Monday, May 13, 2013

"To everything there is a season..."

The book of Ecclesiastes tells us that, “To everything there is a season, and a time to every purpose under heaven.” Then it goes on to list some examples where we find this, “A time to weep, and a time to laugh; a time to mourn, and a time to dance.” After the last few days, I’m ready for a little more laughing and dancing, and a lot less weeping and mourning.

Over this past weekend, losing Molly combined with Mother’s Day without my children or my mother combined to produce in me a heavy sadness, which I couldn’t shake. Then, to add insult to injury, my sainted mother-in-law was hospitalized with a serious health issue Saturday night. It was a perfect storm of melancholy.

My Mom passed away on the last day of June so this was my first Mother’s Day without her. All I could think about were the times I would go to Strange’s and buy her a Rose bush or something, then take it out to her on Saturday so I could beat my brother and sisters to the punch. Last year, she was in a great mood already, before I showed up, and was thrilled with my gift. She made a huge fuss over it and gave me one of her famous hugs. I still remember the smell of her hair. Now, every rose bush I see brings a knot to my throat, especially this past weekend.

Ever since we lost Molly on Thursday morning, my house has become a shrine to her memory. Every square inch of the place carries with it a memory. I walk in my house and immediately feel the pain of her absence. She doesn’t meet me at the door. She’s isn’t there to pester me for treats, she doesn’t need to be let out, or fed. We eat our dinner with her nowhere in sight. Every routine of my day has an enormous hole in it where Molly used to be. I wonder how long it will be before I stop feeling like crying when I enter my house.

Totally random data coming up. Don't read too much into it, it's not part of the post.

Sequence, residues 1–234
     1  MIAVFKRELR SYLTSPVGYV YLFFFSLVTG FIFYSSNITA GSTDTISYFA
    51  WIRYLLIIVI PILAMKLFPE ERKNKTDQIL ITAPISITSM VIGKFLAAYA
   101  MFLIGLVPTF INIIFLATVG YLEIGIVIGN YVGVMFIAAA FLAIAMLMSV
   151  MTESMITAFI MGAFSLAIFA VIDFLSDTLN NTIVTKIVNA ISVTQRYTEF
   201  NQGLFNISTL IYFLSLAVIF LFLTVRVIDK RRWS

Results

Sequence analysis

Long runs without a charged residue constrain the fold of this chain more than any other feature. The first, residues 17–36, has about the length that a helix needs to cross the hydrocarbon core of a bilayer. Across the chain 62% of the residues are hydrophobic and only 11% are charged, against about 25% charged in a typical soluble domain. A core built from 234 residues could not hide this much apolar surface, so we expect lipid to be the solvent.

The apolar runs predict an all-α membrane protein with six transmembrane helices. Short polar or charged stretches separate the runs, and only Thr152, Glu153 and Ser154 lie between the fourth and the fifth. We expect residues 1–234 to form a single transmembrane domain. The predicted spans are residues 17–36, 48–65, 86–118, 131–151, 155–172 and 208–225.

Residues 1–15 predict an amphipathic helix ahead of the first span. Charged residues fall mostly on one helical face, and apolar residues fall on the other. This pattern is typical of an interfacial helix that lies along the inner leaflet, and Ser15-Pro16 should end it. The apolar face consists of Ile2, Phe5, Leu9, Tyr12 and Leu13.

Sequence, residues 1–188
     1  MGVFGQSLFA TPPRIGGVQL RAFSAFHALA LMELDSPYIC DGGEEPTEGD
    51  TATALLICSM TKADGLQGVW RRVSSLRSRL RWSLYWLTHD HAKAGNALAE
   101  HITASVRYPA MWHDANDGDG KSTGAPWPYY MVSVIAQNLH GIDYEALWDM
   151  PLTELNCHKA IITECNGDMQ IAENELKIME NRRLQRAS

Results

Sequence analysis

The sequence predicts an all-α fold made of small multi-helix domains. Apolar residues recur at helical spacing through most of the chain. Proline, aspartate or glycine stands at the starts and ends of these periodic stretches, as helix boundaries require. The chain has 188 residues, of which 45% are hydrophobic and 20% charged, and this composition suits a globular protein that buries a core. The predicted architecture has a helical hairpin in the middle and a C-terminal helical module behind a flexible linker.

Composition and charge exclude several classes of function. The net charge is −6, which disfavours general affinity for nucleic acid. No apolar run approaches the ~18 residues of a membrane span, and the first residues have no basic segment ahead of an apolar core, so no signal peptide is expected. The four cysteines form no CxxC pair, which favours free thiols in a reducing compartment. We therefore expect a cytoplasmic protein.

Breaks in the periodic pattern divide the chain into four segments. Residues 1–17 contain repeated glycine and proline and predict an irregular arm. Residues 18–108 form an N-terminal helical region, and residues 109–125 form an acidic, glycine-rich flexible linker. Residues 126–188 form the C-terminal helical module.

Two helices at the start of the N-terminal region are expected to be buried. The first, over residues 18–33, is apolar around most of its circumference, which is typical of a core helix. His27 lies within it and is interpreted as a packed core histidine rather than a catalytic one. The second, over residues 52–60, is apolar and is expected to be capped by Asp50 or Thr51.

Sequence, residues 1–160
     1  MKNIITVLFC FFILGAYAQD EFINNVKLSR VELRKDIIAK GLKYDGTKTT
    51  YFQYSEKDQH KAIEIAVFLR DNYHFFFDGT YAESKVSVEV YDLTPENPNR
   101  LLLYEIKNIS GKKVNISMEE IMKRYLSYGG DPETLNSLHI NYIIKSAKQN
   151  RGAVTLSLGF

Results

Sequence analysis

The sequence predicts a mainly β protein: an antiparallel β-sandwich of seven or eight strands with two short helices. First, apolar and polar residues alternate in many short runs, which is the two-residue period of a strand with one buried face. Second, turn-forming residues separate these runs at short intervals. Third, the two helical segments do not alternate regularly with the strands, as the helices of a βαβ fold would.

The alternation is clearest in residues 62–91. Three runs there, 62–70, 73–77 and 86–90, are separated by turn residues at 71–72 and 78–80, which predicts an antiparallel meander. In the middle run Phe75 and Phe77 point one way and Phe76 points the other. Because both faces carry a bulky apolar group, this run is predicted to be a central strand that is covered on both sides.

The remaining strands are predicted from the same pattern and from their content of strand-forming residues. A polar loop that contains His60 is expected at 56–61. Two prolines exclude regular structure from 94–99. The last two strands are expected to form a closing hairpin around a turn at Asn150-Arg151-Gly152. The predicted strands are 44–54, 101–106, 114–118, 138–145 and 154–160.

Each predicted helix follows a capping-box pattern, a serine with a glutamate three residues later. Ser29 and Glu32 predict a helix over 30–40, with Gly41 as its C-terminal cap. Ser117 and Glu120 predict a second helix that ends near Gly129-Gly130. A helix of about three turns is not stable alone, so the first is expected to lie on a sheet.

It has only been since Molly left us that I have truly understood what my father is going through. Since Molly lived with us, her memory is everywhere, and her loss is felt most severely at home. How must my father feel when someone with whom he was inseparable for 65 is no longer there? That he bears up with such grace and dignity under so heavy a burden is beyond my understanding.

“To everything there is a season…” Like every season before it, I will need to learn to deal with this new one. For so many years, I never experienced loss of any kind. In this, I have been extraordinarily lucky. But the scales balance with time, and the older I get the more of it I will see. Death is every bit as much a part of our world as is life. I will get better at handling it with experience, I suppose, and hopefully I will learn how to be a blessing to others as a result.

Still, after the last three days, I’ve had my fill. Today begins a new week, one filled with glorious possibility. This coming weekend, I will be together with my incredible family celebrating Kaitlin’s graduation from Wake Forest University with a Master’s degree in English Literature. We will all be together with Patrick flying in, our dear friends the Stroups, Paula, Ron and Ryan, and Jon. We will enjoy great food, the beautiful campus, and even take in the Great Gatsby together. Maybe there will even be some laughing and dancing. There is a season for it after all.